“The learning materials were developed by oral health experts after extensive consultation with older adults,” Associate Professor Mariňo said. “They specifically address oral health issues for older people, in a way that people can understand and act on.”

The online program was trialled with adults over the age of 55 from the City of Whittlesea who completed the online tutorials in libraries, community centres and from home.

At the completion of the trial, people had increased their factual knowledge of oral health and disease, and had improved their daily and weekly oral health care.

The program covers oral health issues that are of particular concern to older people, including decay of the tooth root, periodontitis (gum disease), dry mouth caused by medications for health conditions such as hypertension, gum recession and how to access public dental services.

The series of online tutorials is available for free to the public. Health and aged care professionals can also use the program to encourage better oral health care among patients and residents.

This project was a collaboration between the Oral Health CRC at the University of Melbourne, Bupa Health Foundation and the City of Whittlesea, Victoria.

University of Melbourne Dental School

The Melbourne Dental School offers the Doctor of Dental Surgery (DDS), which incorporates all aspects related to the provision of advanced general dental care to patients as well as teaches students to prepare, develop, execute and write for publication a small research project.

Students will spend their entire final year in clinical settings including the planned Melbourne Dental School private dental clinic, community health centres and rural community clinics which will include provision of oral health care to the aboriginal community. Students will also learn how to run a private practice based on a small-business model.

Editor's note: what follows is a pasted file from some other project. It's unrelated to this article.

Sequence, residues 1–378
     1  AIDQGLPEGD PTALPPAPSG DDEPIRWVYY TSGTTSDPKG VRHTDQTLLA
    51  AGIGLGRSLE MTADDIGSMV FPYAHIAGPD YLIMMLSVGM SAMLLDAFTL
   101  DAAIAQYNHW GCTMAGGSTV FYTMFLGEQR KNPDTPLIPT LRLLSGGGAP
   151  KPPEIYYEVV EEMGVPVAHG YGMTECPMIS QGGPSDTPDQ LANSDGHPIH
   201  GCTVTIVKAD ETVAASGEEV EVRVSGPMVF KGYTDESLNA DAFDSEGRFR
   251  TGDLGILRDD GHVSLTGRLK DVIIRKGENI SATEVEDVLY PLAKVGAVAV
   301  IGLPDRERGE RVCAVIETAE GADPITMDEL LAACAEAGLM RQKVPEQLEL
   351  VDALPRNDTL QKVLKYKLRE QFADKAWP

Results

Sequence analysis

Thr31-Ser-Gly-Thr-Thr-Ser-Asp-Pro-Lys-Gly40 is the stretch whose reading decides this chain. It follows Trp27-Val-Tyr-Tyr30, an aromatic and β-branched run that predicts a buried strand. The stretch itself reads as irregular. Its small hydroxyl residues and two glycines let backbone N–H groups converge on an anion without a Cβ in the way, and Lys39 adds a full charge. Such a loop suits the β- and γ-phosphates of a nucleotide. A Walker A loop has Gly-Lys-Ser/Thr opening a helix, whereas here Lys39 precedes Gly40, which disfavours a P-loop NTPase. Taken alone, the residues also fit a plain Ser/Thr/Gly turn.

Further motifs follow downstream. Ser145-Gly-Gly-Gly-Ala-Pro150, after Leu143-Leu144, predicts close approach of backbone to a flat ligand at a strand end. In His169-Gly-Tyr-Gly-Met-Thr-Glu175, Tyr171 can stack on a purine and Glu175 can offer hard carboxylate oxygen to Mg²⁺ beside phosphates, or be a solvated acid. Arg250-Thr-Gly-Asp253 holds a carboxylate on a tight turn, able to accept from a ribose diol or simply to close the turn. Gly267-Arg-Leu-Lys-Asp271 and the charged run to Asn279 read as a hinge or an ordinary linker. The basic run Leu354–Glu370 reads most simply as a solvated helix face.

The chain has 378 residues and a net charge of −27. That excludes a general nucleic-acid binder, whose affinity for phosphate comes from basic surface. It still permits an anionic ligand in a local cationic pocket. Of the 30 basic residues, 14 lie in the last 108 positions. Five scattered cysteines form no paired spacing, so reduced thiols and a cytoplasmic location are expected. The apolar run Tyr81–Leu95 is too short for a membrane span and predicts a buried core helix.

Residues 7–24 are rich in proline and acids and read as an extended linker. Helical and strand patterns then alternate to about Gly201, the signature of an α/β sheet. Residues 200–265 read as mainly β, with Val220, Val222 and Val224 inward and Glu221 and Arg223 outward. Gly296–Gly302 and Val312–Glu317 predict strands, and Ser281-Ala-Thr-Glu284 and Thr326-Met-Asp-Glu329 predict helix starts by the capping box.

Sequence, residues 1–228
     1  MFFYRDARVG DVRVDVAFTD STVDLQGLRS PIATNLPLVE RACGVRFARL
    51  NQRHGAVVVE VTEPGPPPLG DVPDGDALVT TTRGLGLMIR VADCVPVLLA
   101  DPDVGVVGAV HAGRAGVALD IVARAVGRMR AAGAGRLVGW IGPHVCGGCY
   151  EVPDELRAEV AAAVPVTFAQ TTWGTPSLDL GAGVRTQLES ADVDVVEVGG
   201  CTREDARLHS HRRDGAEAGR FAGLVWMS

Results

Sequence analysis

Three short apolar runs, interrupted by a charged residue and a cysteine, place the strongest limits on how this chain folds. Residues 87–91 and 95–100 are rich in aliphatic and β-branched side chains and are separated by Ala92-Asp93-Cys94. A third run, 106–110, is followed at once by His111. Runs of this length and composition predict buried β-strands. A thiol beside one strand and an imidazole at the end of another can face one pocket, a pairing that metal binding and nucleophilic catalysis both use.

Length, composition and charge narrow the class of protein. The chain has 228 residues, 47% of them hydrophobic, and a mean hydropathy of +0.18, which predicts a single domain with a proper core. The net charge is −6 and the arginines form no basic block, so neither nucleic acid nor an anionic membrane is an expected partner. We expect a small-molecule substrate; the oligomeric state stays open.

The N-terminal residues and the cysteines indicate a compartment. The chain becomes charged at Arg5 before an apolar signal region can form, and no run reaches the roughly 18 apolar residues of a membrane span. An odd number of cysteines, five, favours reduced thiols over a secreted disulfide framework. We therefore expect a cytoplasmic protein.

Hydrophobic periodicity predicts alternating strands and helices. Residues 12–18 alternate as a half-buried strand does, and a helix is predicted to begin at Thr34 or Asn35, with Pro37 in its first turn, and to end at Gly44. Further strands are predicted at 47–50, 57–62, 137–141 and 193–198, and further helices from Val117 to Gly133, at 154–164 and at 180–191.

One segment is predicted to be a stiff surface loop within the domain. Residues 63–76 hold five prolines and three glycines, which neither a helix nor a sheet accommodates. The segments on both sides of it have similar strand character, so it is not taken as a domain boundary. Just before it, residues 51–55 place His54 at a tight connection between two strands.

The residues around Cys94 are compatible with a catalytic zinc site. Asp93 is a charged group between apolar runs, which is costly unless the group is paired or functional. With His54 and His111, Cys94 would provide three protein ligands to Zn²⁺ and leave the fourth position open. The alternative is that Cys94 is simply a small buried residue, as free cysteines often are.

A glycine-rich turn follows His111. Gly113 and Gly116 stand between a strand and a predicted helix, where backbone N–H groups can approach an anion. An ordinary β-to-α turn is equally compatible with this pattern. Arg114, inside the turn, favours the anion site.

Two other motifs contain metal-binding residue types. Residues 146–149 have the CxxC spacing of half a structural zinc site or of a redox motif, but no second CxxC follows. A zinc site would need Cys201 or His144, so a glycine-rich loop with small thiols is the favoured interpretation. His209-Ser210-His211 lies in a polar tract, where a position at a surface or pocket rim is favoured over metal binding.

Program: Doctor of Dental Surgery (DDS)
Location: Melbourne, Victoria
Semester intake: February
Duration: 4 years 

UQ recognises law students’ voluntary work in the community

The University of Queensland (UQ) Pro Bono Centre acknowledged the work of community spirited law students at an awards ceremony this past August.

Certificates were presented to 98 students who participated in pro bono community legal projects during 2013 and 2014.

UQ Law School
Study law at the University of Queensland
Director of the UQ Pro Bono Centre Monica Taylor said the students uphold a core value of the legal profession by undertaking voluntary work which makes a difference to society.

“This event is an opportunity for us to recognise the immense work of our students who are responding to unmet legal need in our community through their pro bono legal work,” Ms Taylor said.

“Through the Centre, UQ students are able to apply their emerging legal skills, including legal research and writing, to a range of areas such as community legal education, law reform and legal casework.”

Ms Taylor said the event inspired other UQ law students to get involved in the centre’s activities, and also provided an opportunity for the students to also hear from legal practitioners involved in pro bono work.